History Blog


Old Lyme Women Oppose Suffrage

ON March 26, 2015

Carolyn Wakeman

Featured Image: “Close Harmony,” Seattle Post-Intelligencer, 1915. Lyme Historical Society Archives

 A century ago at its annual meeting in Hartford, the Connecticut Association Opposed to Woman Suffrage had branches in 161 towns. The national debate over an amendment to the federal Constitution allowing women to vote had grown heated in 1915, and the Connecticut Association declared its intention “to leave nothing undone that might help the downfall of the suffrage party.” Its Old Lyme branch counted 125 members that year, including Florence Griswold (1850–1937), who four years later served on the local Executive Committee.[1]


 Executive Committee members, Old Lyme Branch of the Connecticut Association Opposed to Woman Suffrage, LHSA

Three notebooks preserve details of the Old Lyme anti-suffrage group’s activities beginning with its organizational meeting in December 1912 attended by “sixteen ladies.” Active members paid 25 cents while sustaining members paid “one dollar or more” and associate members, like Florence Griswold, paid no dues. Gathering support from townspeople was the group’s initial goal.


Florence Griswold, postcard, ca. 1915. LHSA

In August 1913 the general public was invited to an afternoon meeting at the Town Hall to hear Alice Hill Chittendon (1869–1945) from the New York Association explain “some of the undesirable results of equal suffrage already discovered” in California and, in addition, expose “some of the suffragist fallacies in regard to the desirability of the vote for self-supporting women.” The audience filled the Town Hall and adjourned to the Grange Hall for light refreshments.[2]



Old Lyme Town Hall, 1900. LHSA

At regularly scheduled meetings in local homes, members presented their reasons for opposing equal-suffrage and read “items of interest from papers and magazines telling of conditions in equal-suffrage states.” Mrs. Allen Talcott, a representative to the state association’s executive board and the wife of a founding Lyme art colony painter, hosted a garden party in July 1916 to expand membership. The event was planned as “a real get-together” with tea and cake served. Mrs. Edward Rook and Mrs. Lucien Abrams, wives of other prominent Lyme artists, also joined the anti-suffrage group.[2]



Lucien Abrams, In the Garden, 1915. Oil on canvas. Private collection, showing Mrs. Abrams posed in artist George P. Burr’s garden

Yellowed newspaper clippings pasted into its record book highlight the failure of pro-suffrage votes, while an anti-suffrage pamphlet printed in 1915 explains why “Woman Suffrage Should Be Defeated. “Not only would the responsibility of voting increase women’s burdens, but “men and women were created and designed by nature to work in different spheres for the common good.” The political woman, according to the pamphlet, “has proved herself a menace to society, to the home and to the State.”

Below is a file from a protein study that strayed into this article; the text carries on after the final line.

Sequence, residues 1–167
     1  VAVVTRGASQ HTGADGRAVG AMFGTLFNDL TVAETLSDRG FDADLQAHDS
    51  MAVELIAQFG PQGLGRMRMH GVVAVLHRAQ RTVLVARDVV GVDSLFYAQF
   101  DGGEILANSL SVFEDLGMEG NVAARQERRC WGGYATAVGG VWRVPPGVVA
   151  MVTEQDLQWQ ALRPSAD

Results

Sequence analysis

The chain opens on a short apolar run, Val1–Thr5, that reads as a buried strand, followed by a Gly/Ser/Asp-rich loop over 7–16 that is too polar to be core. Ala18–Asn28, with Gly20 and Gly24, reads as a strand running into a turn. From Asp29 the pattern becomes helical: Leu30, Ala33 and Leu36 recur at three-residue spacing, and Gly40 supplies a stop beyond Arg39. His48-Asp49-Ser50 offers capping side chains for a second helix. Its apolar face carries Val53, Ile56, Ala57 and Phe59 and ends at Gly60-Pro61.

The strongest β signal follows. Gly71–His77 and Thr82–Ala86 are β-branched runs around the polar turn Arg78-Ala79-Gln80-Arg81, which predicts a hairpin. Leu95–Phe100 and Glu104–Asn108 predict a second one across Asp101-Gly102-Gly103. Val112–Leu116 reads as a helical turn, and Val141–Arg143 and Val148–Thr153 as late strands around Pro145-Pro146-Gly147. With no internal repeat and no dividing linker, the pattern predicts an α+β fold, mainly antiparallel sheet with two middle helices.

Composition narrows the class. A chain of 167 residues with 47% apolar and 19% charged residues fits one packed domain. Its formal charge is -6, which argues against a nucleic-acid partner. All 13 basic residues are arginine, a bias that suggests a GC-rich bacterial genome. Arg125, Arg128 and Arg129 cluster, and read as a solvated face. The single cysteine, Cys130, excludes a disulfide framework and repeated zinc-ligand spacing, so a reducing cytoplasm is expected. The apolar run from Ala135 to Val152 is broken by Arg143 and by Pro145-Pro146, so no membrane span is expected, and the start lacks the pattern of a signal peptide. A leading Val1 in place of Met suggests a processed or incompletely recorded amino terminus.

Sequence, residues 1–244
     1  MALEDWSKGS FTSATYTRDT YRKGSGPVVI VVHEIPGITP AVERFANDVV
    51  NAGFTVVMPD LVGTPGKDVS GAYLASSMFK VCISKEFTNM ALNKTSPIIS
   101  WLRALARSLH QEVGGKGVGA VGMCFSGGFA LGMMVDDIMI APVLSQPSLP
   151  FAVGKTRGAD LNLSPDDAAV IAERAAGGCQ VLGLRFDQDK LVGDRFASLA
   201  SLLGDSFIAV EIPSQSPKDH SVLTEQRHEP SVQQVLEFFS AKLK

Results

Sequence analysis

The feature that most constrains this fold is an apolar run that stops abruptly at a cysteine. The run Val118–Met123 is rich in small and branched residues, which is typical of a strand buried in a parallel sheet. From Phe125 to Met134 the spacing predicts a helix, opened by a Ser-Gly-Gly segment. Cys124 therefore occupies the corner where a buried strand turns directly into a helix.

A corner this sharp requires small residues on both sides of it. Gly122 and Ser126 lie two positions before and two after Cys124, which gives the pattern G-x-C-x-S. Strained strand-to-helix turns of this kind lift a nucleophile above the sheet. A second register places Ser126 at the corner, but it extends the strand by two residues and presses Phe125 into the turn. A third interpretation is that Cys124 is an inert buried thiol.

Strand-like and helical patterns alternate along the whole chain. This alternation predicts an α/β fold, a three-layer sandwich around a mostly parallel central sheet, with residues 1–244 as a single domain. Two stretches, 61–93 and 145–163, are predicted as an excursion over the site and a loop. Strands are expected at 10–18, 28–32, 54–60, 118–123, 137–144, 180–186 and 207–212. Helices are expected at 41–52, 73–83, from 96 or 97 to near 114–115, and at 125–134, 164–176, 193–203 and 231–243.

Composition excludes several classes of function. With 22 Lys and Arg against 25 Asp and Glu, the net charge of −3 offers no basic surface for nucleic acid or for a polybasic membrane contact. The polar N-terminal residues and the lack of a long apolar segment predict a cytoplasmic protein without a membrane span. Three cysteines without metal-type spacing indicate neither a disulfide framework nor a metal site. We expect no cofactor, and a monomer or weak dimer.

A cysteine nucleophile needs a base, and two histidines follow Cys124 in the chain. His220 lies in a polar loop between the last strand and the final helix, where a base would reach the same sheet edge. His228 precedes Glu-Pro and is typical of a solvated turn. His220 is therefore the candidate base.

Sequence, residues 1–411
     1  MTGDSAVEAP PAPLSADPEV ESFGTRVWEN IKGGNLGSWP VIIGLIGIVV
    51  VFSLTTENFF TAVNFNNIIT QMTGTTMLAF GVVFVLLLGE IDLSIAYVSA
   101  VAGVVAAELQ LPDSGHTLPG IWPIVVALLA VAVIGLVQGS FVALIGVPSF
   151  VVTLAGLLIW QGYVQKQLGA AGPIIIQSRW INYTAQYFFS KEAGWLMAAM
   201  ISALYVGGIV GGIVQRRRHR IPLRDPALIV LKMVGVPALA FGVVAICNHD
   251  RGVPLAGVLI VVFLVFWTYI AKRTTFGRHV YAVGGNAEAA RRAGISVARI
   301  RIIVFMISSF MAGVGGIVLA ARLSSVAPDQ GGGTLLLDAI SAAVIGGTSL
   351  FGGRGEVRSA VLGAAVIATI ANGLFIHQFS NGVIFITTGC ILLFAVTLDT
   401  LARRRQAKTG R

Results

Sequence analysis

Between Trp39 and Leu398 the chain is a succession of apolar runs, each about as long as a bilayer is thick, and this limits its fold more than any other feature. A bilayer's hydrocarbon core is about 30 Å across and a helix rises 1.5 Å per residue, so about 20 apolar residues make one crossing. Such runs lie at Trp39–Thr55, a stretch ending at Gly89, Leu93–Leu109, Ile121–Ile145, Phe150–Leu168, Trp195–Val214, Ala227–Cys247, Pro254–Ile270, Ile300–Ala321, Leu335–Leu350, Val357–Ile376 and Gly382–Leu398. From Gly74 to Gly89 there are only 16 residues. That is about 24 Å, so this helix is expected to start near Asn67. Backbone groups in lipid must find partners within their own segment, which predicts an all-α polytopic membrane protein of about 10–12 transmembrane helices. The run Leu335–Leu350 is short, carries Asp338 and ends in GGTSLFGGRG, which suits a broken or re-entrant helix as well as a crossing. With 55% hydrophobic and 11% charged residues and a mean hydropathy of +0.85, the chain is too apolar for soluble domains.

“Woman Suffrage Measure Beaten,” datelined Hartford, April 7 [1915], Old Lyme Branch notebook. LHSA


Anti-suffrage pamphlet, 1915. LHSA

Meanwhile Katharine Ludington (1869–1953), an accomplished portrait painter who exhibited with the Lyme art colony and whose father donated the town’s handsome public library, began promoting local support for equal voting rights in 1914. At two meetings that summer visiting speakers explained why women should vote, and Miss Ludington also held a “Suffrage Study class” in her home. At the Old Lyme Inn nearby on Ferry Road, she created a library of “elevating and instructive literature” to illustrate women’s achievements and show “what an influence she may have in the professional and in the general uplift of the life and thought of today.”[3]


Katharine Ludington, ca. 1915. Courtesy Ludington Family Collection

Old Lyme’s Equal Franchise League, organized in November 1914 at the home of Miss Ludington’s neighbor Sarah Griffin, began with 26 active and 28 associate members. The next month the local newspaper reported: “The suffragettes of Lyme have formed a league and elected officers and will start a vigorous campaign. There is also an anti-suffrage following. Which is in the majority is impossible to say.”[4]


Griffin house, ca. 1895, showing Sarah Griffin with her mother Mrs. Edward Dorr Griffin. LHSA

Miss Ludington scheduled the first convention of the New London County Equal Franchise Association, held at the Boxwood Inn where luncheon was served for fifty cents, to coincide with the opening of the art colony’s summer exhibition in August 1916. When The New London Day reported the planned speakers and schedule, it also noted that “the annual picture exhibition opened in the Old Lyme library that day will be an added attraction.”[5]


Boxwood Manor, postcard. LHSA